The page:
New Video the Government of Rio de Janeiro Doesn’t Want You to See

Posted on December 14, 2011 by Priscila Néri

Roughly 170,000 people are either at risk, or have already been subjected to, forced evictions throughout the 12 Brazilian cities gearing up to host the 2014 World Cup and 2016 Olympic Games.  The number – a new estimate by the national coalition of local groups monitoring the impact of these major sporting events – was released on December 10th (International Human Rights Day) in a new report on the human rights violations associated with these events in Brazil.

The report provides a powerful counterpoint to the official narrative often repeated by local authorities and decision-makers, many of whom like to say that “nobody is being removed by force” and that “no families are being resettled without proper compensation.”

If you follow our forced evictions campaign on this blog, you know that’s just not true.

The most powerful way to prove this, however, is to let those directly affected speak for themselves.

Watch what happened when our local partners in Rio tried to speak directly to Olympics organizers during a field visit on November 11th. And watch what unfolds as Antonieta, a 31-year-old single mother who was forcibly evicted from her community in May, confronts the group to personally deliver a letter and video-dossier on forced evictions in Rio (click here if you want to see the video in English):

I first met Antonieta during a 3-day fact-finding mission led by Brazilian human rights groups in May. Then, I got the chance to know her better as we spent one week together in our Rio video advocacy training in July (see her at 1:20min of this video). Since then, we’ve been working with her and many other allies in Brazil to ensure her story is not silenced, denied or ignored.

As this week’s new report shows, Antonieta is just one of many thousands that need to be heard.

What you can do

While we wait for an official response from Olympic organizers in Brazil and Switzerland, you can add your voice to the campaign and join us in demanding no more evictions for Olympics in Rio and World Cup in Brazil.  You can:

  • Share these videos with bloggers and members of the media.
  • Leave your comments of support in the fields below.
  • Support the local coalition of groups working with affected communities on the ground to monitor evictions.

On Twitter? Help us tweet the International Olympic Committee @IOCMedia, local Olympics organizers in Rio @Rio2016, and the mayor of Rio @eduardopaes_ and ask them to respond to our call!  Here are some suggested tweets just under the 140-character limit…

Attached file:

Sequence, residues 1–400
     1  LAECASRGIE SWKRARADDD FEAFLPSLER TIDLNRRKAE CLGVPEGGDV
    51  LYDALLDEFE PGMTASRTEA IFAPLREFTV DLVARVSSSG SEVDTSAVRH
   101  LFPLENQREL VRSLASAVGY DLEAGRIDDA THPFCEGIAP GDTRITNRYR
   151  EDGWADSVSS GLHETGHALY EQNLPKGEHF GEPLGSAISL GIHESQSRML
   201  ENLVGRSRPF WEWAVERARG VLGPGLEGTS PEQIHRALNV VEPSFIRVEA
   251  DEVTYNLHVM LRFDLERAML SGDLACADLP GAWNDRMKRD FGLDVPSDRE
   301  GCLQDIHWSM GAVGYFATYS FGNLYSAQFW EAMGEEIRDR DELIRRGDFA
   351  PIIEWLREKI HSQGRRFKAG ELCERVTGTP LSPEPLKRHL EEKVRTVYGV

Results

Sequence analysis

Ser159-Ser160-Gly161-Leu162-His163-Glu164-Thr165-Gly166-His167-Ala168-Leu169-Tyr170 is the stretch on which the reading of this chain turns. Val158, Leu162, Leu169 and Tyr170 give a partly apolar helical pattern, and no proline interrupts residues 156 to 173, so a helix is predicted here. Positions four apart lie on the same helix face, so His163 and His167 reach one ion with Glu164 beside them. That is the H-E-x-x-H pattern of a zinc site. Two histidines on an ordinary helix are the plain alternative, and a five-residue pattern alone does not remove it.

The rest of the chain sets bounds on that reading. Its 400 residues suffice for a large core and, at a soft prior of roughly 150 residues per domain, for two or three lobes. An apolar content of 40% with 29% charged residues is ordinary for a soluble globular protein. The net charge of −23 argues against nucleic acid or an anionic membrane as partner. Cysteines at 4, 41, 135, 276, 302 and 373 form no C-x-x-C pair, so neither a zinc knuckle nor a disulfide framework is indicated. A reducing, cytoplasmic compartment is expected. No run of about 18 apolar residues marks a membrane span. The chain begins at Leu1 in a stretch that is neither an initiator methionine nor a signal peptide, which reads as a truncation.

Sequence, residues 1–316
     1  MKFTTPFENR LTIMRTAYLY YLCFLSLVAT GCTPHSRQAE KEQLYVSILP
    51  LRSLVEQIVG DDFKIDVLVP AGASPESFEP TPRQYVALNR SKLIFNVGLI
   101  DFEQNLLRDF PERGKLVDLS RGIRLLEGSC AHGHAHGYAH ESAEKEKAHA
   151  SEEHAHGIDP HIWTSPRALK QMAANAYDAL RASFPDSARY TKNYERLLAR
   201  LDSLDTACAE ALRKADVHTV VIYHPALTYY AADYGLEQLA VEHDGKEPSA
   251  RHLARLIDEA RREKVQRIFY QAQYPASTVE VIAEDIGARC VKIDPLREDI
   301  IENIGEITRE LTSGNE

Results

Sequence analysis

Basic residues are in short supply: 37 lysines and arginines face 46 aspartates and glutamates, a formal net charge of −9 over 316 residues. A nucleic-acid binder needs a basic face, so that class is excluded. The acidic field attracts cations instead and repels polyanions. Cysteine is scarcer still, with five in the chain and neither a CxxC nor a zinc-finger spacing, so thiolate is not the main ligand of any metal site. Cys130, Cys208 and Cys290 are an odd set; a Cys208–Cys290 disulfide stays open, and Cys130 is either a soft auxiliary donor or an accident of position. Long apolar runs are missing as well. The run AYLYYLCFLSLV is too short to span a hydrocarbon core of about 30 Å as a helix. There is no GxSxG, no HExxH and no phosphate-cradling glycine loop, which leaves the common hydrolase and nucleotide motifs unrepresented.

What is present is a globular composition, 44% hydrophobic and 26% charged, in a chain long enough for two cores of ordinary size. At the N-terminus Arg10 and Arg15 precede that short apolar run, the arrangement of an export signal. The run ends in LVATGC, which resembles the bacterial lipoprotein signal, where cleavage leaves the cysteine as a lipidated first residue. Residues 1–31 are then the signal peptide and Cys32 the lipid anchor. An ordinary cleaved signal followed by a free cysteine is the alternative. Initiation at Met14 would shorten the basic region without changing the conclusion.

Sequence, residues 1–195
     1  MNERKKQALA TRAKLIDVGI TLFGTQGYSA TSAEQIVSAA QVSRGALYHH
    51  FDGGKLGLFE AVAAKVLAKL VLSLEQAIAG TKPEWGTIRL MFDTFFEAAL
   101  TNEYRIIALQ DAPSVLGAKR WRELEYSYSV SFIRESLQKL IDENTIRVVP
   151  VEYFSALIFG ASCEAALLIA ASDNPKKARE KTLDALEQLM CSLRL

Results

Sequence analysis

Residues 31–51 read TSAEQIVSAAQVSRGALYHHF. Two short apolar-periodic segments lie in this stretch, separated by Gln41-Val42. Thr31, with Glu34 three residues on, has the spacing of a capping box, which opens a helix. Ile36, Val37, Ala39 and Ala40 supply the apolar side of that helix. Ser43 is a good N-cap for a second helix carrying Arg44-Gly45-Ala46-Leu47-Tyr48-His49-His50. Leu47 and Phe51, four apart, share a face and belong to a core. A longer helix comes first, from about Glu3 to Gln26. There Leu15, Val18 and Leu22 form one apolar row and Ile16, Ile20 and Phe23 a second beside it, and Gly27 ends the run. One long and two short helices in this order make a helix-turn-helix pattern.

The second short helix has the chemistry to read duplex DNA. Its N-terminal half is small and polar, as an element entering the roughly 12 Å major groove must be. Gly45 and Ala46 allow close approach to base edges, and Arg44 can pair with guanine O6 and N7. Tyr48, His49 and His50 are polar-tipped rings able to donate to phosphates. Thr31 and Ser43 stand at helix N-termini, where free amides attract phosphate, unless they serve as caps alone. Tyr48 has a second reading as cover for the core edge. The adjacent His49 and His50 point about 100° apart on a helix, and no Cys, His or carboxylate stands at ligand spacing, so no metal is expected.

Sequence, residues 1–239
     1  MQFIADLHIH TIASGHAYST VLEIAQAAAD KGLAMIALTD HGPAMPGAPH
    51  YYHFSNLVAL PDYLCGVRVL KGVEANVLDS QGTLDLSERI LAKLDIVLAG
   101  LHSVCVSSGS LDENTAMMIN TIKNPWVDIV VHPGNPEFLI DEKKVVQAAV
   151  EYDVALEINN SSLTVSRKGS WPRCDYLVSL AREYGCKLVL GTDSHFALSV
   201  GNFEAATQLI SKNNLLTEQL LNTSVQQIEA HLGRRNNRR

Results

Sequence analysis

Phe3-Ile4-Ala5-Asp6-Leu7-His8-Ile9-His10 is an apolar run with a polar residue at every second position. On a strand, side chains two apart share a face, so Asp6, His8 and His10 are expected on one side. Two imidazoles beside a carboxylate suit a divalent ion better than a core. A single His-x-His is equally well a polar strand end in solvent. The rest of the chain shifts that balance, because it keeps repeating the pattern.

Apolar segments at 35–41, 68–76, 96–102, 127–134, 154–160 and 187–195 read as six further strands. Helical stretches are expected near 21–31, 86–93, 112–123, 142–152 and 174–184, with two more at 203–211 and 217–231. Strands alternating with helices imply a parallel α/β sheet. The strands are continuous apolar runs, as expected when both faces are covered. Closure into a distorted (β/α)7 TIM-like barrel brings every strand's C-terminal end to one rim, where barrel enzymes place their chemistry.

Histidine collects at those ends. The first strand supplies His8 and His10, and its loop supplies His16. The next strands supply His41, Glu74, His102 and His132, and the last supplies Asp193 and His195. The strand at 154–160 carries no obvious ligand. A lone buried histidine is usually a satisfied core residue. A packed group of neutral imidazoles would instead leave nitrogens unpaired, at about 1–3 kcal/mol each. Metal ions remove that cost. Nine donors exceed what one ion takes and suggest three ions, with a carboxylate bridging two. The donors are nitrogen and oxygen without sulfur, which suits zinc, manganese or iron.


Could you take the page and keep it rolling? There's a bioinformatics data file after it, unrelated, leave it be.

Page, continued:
English:

@IOCMedia you must condemn #ForcedEvictions conducted in the name of the @Rio2016 #Olympics: http://tiny.cc/NoEvictions #Brazil #HumanRights

@IOCMedia @Rio2016: respond to @Amnesty @witnessorg +@ComitPopularCop letter on #ForcedEvictions in Rio #Olympics http://tiny.cc/NoEvictions

Português:

@eduardopaes_ @Rio2016 precisam responder às denúncias de #RemoçõesForçadas no Rio para as #Olimpíadas de 2016 http://tiny.cc/RemocoesZero

@eduardopaes_ diz que #RemoçõesForçadas estão dentro da lei no Rio; vídeos provam o contrário: http://tiny.cc/VideosRemocoes #Olimpíadas

Be Sociable, Share!

What Others Are Saying

  1. Pingback: NYTimes Reports on Forced Evictions in Rio, But Serious Questions Remain : Video For Change

  2. Priscila Néri December 23, 2011 at 10:46 am

    Olá Carlos – obrigada pelo comentário – já que não há muita chance dos eventos não acontecerem, a luta é justamente essa: de garantir que tudo que está sendo investido e criado realmente beneficie a população local depois que os eventos acabarem. É o tal legado que as autoridades tanto propagandeiam – eles até criaram um “legadômetro” para medir o impacto de cada projeto, só que as pessoas que participam do grupo que dá a nota do legadômetro são todas ligadas às obras e à Prefeitura, o que não deixa muito espaço para perspectivas críticas ou distintas. Uma líder comunitária sempre me diz: não somos contra a Copa e Olimpíadas, apenas exigimos ser incluídos nos benefícios e “legados” dos mesmos… do jeito que as coisas estão indo agora, comunidades já excluídas estão sendo ainda mais excluídas, empurradas para mais longe, tiradas de vista (vide o muro bloqueando a vista para a Maré, por exemplo)…. mas a luta continua e há muitas comunidades, ativistas e defensores de direitos humanos que estão se unindo, nós estamos juntos!

  3. Carlos December 22, 2011 at 6:27 pm

    Se adiantasse alguma coisa, o povo devia boicotar. Não consigo ver nada de bom que os enormes gastos com as olimpíadas e, principalmente, com a copa, vão trazer pro Brasil. No final, acho que vão sobrar centenas de milhões em dívidas e espaços não utilizados por que as prefeituras não vão ter como manter o alto padrão das construções, resultando em vários elefantes brancos espalhados por lá. Por isso quando os americanos me perguntam onde eles poderiam ficar alojados nesses dois eventos, eu digo: Vai pra Europa. Vai estar vazio e você não vai correr o risco de ser roubado.

Leave a Reply

Your email address will not be published. Required fields are marked *

You may use these HTML tags and attributes: <a href="" title=""> <abbr title=""> <acronym title=""> <b> <blockquote cite=""> <cite> <code> <del datetime=""> <em> <i> <q cite=""> <strike> <strong>


Switch to our mobile site